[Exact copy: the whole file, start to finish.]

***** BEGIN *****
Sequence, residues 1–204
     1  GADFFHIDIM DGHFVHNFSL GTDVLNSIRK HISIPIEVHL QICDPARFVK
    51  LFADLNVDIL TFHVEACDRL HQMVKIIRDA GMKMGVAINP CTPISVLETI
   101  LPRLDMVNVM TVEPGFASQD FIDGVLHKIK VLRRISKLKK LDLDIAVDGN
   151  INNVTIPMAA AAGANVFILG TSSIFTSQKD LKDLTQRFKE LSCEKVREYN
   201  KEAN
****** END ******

Sequence, residues 1–204
     1  GADFFHIDIM DGHFVHNFSL GTDVLNSIRK HISIPIEVHL QICDPARFVK
    51  LFADLNVDIL TFHVEACDRL HQMVKIIRDA GMKMGVAINP CTPISVLETI
   101  LPRLDMVNVM TVEPGFASQD FIDGVLHKIK VLRRISKLKK LDLDIAVDGN
   151  INNVTIPMAA AAGANVFILG TSSIFTSQKD LKDLTQRFKE LSCEKVREYN
   201  KEAN